What exactly is wrong with sacking the minister who has continuously tried to undermine your leadership and is in the middle of planning a coup?
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    (Original post by cBay)
    What exactly is wrong with sacking the minister who has continuously tried to undermine your leadership and is in the middle of planning a coup?
    The fact that Corbyn himself should have resigned just as Cameron did after this dismal referendum


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    (Original post by PetrosAC)
    The fact that Corbyn himself should have resigned just as Cameron did after this dismal referendum


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    Corbyn wasn't the one who called a referendum for something he didn't believe in...
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    (Original post by cBay)
    Corbyn wasn't the one who called a referendum for something he didn't believe in...
    I'm not saying Cameron is not to blame. He paid the price. Corbyn is the face of the Labour Party. He must represent it. And his lacklustre campaign did not do so. As soon as a Leader stops representing the party, their head should roll.


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    I'd vote Corbyn again if I could, a new vote is fair enough but I agree with Kay, very concerned indeed if, say, Benn got the nomination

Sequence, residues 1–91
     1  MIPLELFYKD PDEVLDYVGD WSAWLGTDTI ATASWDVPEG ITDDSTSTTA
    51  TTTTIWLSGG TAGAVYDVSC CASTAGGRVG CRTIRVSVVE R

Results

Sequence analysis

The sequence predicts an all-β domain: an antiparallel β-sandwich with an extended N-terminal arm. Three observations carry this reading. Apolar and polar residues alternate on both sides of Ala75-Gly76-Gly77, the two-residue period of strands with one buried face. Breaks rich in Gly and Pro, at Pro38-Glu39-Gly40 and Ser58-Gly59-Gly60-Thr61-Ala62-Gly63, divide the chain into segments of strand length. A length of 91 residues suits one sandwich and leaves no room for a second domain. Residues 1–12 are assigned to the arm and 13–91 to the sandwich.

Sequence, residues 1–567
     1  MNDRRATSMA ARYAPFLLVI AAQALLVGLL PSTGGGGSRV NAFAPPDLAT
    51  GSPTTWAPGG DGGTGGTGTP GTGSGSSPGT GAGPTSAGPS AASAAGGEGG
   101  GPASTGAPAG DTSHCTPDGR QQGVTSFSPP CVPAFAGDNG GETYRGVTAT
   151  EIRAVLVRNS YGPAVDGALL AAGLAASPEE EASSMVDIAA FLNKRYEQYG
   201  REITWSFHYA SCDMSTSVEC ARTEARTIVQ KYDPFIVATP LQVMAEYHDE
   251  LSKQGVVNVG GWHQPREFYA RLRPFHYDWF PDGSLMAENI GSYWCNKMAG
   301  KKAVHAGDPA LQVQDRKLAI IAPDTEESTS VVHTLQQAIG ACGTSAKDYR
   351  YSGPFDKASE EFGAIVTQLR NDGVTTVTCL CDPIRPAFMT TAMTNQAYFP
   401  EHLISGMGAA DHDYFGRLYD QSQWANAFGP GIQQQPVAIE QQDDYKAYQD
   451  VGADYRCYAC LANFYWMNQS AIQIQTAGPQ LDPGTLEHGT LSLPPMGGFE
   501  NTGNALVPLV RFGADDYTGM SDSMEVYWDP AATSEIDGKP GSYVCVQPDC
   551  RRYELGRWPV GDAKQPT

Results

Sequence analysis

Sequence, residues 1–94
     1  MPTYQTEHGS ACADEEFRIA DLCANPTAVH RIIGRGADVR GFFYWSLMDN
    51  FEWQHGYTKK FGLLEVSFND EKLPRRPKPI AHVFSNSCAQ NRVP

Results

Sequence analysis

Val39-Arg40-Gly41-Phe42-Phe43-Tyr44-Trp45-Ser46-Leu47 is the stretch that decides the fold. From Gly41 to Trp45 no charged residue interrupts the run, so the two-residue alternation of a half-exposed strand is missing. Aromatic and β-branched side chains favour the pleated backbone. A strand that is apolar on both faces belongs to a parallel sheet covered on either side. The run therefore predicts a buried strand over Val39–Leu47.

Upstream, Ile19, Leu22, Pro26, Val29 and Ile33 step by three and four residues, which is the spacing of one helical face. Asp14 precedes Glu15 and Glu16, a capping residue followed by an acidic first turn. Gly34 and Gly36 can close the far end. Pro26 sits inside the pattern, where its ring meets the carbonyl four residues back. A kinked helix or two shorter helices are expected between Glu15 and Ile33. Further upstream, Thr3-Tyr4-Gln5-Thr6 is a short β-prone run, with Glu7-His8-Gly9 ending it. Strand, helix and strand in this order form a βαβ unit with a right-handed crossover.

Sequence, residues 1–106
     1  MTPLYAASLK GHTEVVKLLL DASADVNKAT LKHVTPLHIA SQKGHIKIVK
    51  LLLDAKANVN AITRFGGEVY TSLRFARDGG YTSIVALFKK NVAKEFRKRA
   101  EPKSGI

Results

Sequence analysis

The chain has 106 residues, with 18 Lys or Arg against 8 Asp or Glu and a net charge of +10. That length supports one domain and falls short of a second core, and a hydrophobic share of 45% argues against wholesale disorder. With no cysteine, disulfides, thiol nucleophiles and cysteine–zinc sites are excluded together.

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    (Original post by PetrosAC)
    I'm not saying Cameron is not to blame. He paid the price. Corbyn is the face of the Labour Party. He must represent it. And his lacklustre campaign did not do so. As soon as a Leader stops representing the party, their head should roll.


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    For anyone paying attention, Corbyn has been campaigning pretty much every day for the last couple of months. It's quite frankly not his fault if the media was only interested in the scaremongering on either side of the tory divide.

    The reason the working class has overwhelmingly voted out is because New Labour followed in the footsteps of Thatcher and ignored them and so they are rejecting the whole of the political class. To expect Corbyn to overturn that over the course of a few months is absurd. And yet, Labour voters voted 2-1 for remain, whereas the tory voters voted for out despite Cameron's best efforts, so I don't think it can be said he did so badly. The PLP never wanted Corbyn and they are manufacturing a reason to get rid of him. And in the end, it will be their suicide.
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    (Original post by Jammy Duel)
    I should think you know whether you intend to have something voted upon..

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    I should think you're right.
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    Q. Can we abolish the Labour Party?